I still think the sleeve in my post #10 would be easier. Also, an 8mm spindle on that er collet seems as about as stiff as wet spaghetti.

                          Comment


                          • #14
                            Originally posted by BCRider View Post
                            Bluing the final taper is a great way to use for testing. But on something like an ER chuck by the time you know it's wrong it's pretty much too late unless you do the check when you've still got about 1mm of material to remove off the ID to go. So the check needs to be done while the collet is still sticking out proud of the final depth.

                            There is certainly "more than one road to Rome" and any number of options to set the compound angle will work. But do do so to within 0.1° by using a is one fine trick. That must be one fancy bevel protractor ! ! ! ! Looking around at google images of bevel protractors only the very best has any better a chance than half a degree.

                            I don't have one of those and I don't have a sine plate or gauge blocks. And besides, even with all that we still need a dial gauge. So my choice would be as mentioned earlier and make up a turned true stub and with that still held true I'd slide on one of the collets so it's a firm sprung fit and then with the dial gauge in the tool holder adjust the compound angle until there's zero runout and call it a day. In effect using one of the collets as my sine plate.
                            Lots of bevel protractors come with nonius scale that gives you degree split to 5 minutes. So you can read it to 60/5=20 = 0.05 degree accuracy. But even that is still kind of coarse for any taper.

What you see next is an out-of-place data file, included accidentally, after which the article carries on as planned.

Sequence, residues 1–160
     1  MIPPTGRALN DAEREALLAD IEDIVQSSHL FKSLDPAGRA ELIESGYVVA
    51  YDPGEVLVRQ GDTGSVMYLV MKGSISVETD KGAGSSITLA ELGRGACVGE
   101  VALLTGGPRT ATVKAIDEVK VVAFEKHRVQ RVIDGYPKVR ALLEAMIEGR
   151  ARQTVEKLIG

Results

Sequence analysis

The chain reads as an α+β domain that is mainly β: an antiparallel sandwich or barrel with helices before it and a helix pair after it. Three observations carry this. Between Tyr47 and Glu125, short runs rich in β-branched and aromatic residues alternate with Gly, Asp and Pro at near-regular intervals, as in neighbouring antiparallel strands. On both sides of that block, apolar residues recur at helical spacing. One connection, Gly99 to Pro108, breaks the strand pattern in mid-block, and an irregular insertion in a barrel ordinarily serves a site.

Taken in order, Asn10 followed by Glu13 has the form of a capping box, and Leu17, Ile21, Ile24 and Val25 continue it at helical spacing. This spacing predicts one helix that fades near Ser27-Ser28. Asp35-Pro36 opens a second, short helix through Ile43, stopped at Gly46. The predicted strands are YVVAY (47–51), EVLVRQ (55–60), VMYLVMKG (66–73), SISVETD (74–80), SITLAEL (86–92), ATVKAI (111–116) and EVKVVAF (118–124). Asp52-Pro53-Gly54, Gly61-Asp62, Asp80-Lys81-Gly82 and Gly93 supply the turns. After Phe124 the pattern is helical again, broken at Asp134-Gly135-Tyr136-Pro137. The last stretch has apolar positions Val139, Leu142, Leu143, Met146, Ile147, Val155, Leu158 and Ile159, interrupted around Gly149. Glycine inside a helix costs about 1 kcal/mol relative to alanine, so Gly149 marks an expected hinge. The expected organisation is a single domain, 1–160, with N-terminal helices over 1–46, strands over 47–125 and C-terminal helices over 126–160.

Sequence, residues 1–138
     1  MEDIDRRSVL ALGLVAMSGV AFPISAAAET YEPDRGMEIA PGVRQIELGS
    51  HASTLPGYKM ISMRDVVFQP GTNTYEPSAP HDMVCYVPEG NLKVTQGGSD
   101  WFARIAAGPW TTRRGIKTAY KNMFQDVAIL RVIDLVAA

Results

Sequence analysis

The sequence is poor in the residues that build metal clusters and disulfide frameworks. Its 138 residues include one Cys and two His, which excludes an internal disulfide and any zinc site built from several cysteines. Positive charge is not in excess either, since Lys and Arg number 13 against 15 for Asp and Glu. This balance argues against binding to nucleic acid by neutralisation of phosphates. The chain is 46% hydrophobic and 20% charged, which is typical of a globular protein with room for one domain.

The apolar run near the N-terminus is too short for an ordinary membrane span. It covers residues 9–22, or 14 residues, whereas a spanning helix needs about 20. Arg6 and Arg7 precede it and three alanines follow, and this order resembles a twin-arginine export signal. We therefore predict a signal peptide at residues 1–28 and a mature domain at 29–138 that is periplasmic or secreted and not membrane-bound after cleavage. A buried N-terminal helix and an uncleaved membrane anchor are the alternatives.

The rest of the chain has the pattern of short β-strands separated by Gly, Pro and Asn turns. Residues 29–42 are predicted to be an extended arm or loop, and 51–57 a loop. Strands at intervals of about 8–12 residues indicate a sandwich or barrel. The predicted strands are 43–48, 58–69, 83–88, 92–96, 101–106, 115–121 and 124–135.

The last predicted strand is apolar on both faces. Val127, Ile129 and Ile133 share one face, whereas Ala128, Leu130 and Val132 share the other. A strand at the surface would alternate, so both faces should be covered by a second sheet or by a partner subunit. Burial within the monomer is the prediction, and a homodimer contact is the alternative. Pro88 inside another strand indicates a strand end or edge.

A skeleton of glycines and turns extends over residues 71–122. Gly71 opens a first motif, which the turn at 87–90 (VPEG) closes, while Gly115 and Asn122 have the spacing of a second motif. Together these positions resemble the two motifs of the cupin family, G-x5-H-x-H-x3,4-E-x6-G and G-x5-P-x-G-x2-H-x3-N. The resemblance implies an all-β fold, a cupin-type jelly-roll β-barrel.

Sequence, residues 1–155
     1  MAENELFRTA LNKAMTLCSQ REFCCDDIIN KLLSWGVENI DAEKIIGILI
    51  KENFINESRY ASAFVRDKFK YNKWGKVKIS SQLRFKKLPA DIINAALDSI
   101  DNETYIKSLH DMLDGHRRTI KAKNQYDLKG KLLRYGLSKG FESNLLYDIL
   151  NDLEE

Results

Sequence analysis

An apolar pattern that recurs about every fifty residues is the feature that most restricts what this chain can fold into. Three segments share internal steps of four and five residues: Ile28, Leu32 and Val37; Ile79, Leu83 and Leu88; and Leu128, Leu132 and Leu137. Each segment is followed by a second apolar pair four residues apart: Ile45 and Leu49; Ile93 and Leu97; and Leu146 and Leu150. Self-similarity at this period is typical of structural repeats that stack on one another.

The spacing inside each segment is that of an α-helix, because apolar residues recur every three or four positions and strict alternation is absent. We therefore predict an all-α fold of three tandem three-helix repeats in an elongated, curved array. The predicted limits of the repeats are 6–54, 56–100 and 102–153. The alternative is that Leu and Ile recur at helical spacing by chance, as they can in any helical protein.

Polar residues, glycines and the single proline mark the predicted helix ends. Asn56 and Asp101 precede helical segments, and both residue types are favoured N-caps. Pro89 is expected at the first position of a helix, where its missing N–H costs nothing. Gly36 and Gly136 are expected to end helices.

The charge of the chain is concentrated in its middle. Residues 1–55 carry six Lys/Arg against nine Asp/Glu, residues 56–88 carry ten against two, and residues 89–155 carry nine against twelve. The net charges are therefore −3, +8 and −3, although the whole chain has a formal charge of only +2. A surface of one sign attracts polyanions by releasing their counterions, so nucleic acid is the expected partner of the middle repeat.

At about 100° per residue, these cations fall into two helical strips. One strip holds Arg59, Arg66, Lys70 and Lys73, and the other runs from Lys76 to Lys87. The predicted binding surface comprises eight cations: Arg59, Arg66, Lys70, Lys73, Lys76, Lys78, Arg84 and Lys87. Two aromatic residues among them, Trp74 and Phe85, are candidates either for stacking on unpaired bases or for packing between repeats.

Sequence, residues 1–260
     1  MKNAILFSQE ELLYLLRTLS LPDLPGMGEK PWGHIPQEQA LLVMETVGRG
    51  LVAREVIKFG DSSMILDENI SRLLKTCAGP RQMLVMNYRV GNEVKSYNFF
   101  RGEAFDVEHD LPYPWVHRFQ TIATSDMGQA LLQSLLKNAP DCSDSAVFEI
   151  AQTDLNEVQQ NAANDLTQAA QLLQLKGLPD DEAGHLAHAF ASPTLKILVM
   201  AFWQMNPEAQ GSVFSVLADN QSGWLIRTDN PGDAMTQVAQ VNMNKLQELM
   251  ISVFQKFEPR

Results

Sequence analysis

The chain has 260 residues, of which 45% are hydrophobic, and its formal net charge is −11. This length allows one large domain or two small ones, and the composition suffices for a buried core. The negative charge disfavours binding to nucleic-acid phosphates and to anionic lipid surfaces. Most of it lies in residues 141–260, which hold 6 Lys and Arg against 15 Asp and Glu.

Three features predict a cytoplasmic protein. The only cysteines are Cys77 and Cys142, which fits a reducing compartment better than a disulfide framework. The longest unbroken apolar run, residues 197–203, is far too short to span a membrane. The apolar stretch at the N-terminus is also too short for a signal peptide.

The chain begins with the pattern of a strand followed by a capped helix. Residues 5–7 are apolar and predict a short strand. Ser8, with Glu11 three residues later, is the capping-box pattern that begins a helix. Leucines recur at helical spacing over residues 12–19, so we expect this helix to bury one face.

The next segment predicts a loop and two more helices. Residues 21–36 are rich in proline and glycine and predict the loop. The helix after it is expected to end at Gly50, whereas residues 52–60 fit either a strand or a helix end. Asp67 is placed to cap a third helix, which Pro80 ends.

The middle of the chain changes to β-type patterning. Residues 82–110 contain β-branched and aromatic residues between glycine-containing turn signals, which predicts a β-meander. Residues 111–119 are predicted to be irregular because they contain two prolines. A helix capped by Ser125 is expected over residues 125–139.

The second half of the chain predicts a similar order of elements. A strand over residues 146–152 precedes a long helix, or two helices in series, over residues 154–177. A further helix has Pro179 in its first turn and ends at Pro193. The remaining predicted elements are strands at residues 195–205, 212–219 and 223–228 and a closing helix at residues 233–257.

Using existing ER collet to indicate is also bit risky business IMO. Lot depends on how well the collet "settles" to rod without external clamping like its normally used.
                            Partly same problem if you use blue.

                            Comment


                            • #15
                              I would venture to say that the compound slide on the lathes
                              that most of you home shop guys have has more slop than
                              the accuracy required to set and cut the angle needed for
                              precision collet taper setup work. I would thoroughly scrutinize
                              the slideways and the gib for wear and proper adjustment
                              before attempting a precision job like this if you want to
                              achieve satisfactory results.

                              -Doozer
                              DZER